• The longer it takes for pages to be copied from the database to the archive, and the more concurrent activity there is during this time, the larger the amount of recovery the load must perform. For very active very large databases (VLDBs), the time that it takes to recover a database is considerable, and thus the time taken to copy pages from the archive to the database becomes only a fraction of the total restore time.
  • BRIEF DESCRIPTION OF THE DRAWINGS
  • Some embodiments are illustrated by way of example and not limitation in the figures of the accompanying drawings.
    • FIG. 1 is a database design architecture suitable for performing a database backup, according to some example embodiments.
    • FIG. 2 is a chart illustrating example steps for performing a standard database backup, according to some example embodiments.
    • FIG. 3 is another chart illustrating example steps for performing a standard database backup, according to some example embodiments.
    • FIG. 4 is a chart illustrating example steps for performing a database backup with reduced load time, according to some example embodiments.
    • FIG. 5 is a flowchart illustrating example operations for performing a database backup with reduced load time, according to some example embodiments.
    • FIG. 6 is a block diagram illustrating components of a machine, according to some example embodiments, able to read instructions from a machine-readable medium and perform any one or more of the methodologies discussed herein.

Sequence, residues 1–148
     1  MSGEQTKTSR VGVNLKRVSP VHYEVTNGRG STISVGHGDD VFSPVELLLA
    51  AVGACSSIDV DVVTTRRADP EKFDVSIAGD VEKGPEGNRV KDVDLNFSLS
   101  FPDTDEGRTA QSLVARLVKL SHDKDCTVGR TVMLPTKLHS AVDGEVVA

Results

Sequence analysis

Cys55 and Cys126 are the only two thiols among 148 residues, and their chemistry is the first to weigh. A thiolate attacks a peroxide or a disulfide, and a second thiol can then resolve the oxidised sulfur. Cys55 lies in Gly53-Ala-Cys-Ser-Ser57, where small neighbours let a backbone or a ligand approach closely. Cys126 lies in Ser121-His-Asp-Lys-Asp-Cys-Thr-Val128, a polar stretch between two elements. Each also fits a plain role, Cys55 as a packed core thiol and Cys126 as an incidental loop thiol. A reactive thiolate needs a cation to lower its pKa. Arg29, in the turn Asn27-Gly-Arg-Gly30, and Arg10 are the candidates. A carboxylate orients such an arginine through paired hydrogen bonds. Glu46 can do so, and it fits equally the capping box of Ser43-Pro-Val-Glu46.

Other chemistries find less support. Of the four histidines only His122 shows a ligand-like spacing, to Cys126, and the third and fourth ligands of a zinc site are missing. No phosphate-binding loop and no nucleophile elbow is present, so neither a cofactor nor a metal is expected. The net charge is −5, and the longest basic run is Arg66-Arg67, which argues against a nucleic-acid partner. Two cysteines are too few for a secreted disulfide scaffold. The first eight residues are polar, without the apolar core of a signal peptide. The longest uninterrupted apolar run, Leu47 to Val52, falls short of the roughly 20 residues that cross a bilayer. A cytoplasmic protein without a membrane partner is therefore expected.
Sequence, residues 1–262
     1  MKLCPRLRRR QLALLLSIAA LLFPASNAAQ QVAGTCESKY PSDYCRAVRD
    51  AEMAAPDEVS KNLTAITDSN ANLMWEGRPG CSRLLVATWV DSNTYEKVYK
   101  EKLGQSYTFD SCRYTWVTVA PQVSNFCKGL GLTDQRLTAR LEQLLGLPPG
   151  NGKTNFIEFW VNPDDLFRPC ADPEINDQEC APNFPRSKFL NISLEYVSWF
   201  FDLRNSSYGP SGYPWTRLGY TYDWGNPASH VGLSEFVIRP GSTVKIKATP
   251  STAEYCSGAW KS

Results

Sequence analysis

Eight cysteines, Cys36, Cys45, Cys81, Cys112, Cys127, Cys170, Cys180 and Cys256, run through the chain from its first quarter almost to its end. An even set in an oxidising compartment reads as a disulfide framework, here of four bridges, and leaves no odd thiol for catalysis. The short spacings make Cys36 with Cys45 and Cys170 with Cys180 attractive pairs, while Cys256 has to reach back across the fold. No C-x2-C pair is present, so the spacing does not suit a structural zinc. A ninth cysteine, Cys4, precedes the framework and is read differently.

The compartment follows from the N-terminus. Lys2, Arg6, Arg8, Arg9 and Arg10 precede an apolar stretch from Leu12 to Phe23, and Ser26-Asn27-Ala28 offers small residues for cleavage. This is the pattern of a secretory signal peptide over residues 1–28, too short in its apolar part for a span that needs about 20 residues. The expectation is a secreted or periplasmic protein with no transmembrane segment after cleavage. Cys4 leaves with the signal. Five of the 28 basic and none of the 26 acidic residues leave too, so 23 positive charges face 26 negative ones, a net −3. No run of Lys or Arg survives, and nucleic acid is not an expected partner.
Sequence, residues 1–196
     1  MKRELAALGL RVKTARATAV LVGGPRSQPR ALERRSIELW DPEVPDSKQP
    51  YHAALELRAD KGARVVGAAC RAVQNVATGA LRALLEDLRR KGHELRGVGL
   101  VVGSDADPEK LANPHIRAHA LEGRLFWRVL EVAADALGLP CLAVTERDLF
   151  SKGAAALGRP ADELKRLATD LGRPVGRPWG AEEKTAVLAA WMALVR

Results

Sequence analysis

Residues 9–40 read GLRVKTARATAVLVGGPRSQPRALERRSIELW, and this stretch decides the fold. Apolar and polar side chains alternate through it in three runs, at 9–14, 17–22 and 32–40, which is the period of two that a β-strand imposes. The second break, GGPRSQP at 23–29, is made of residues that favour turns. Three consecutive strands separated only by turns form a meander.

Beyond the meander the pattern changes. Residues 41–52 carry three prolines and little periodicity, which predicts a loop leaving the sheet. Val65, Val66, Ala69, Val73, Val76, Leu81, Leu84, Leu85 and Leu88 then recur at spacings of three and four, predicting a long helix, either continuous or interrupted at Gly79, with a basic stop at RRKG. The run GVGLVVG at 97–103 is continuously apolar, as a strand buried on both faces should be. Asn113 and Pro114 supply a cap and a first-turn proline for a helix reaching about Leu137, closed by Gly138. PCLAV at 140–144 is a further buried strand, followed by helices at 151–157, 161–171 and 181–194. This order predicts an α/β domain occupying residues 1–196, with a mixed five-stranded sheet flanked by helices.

DETAILED DESCRIPTION
  • Example methods, apparatuses and systems are presented for reducing time in restoring a database from a backup.
  • DEFINITIONS
  • Non-limiting definitions are presented herein for purposes of illustration and in order to assist with an understanding of the present disclosures.
  • Logical Page - The smallest addressable unit of logical storage within a database. This is a contiguous block of 1, 2, 4, or 8 virtual pages. Each logical page has a 4-byte unsigned integer ID in the range of 0 through 4,294,967,295 that describes its location within a database's disk map. Each database contains a collection of logical pages whose IDs form an unbroken series from 0 through [number of logical pages in the database, minus 1], grouped into collections of allocation units.
  • Virtual Page - the smallest unit of storage that may be read or written by a DBMS I/O engine. Each virtual page is described by an integer device ID and an offset into that device, where the offset is expressed as a number of virtual pages. (That is, offset 0 is the absolute beginning of that device, whereas offset 1 begins at byte offset [1 * size-of-virtual-page].)